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Onawa teen sentenced to prison for shooting death

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Jay Lee Neubaum trial

Jay Lee Neubaum watches jurors exit the Monona County courtroom in Onawa, Iowa, during his May trial for the shooting death of 16-year-old Joseph Hopkins in Mapleton, Iowa. Neubaum is scheduled to stand trial on Dec. 7 on 10 counts of sexual abuse and has waived his right to a jury trial.

ONAWA, Iowa -- An Onawa teen was sentenced Thursday to 50 years in prison for the shooting death of another teen in a Mapleton, Iowa, garage.

District Judge Duane Hoffmeyer waived any mandatory minimum sentence that Jay Lee Neubaum must serve before he's eligible for parole, according to court documents. 

Neubaum must also pay $150,000 to the estate of Joseph Hopkins. 

A Monona County District Court jury in May found Neubaum, 18, guilty of second-degree murder for the Jan. 31, 2020, shooting death of 16-year-old Hopkins.

Typically, a defendant found guilty of second-degree murder would face a mandatory minimum of 35 years in prison on the 50-year sentence. But Neubaum was 17 at the time of the shooting, and Iowa law says that if a person was under age 18 at the time an offense, other than a Class A felony, was committed, a judge may suspend all or part of the prison sentence, including any mandatory minimum sentence.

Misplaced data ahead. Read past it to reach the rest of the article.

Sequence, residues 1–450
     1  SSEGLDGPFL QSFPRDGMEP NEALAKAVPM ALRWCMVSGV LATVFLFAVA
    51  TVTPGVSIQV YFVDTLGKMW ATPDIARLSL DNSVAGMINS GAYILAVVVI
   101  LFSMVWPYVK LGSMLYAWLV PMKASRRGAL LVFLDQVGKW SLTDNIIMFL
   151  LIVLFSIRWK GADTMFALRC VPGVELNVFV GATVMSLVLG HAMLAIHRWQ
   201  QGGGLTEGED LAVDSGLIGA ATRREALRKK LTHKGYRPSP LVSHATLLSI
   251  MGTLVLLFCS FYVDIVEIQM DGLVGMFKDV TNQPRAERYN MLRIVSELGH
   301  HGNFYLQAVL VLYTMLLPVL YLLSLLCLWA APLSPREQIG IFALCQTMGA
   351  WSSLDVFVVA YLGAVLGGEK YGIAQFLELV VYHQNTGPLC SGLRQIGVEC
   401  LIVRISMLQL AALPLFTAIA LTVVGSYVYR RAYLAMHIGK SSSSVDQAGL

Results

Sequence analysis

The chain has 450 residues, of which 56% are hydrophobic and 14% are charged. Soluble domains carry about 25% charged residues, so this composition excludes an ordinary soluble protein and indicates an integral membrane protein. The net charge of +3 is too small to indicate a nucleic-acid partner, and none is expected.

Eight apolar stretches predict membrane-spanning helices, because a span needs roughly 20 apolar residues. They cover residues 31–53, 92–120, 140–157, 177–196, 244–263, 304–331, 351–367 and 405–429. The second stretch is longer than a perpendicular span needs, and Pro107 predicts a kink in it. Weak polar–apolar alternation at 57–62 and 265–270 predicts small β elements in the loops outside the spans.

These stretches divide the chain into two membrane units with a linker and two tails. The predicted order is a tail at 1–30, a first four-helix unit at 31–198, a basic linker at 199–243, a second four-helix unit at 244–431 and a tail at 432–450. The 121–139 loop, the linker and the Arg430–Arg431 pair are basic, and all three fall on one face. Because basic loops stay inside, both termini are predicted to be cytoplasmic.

Neubaum had been charged with first-degree murder, which is a Class A felony, but the jury found him guilty of the lesser charge.

Hopkins, of Mapleton, was shot once in the forehead with a 12-gauge shotgun while he, Neubaum and two other teenage boys were working on a demolition derby car in a garage at the home of Neubaum's grandmother, with whom he was living at the time.

Prosecutors said Neubaum shot Hopkins after becoming angry with him because he would not stop playing with an unloaded 20-gauge shotgun. The defense said the shooting was an accident.

Neubaum still faces prosecution in Monona County for 10 counts of third-degree sexual abuse for the alleged rape of six teenage girls and forced sexual contact with a seventh in 2019 and 2020. He has pleaded not guilty to all charges and is scheduled to stand trial in December.

Journal staff writer Dolly Butz contributed to this story.


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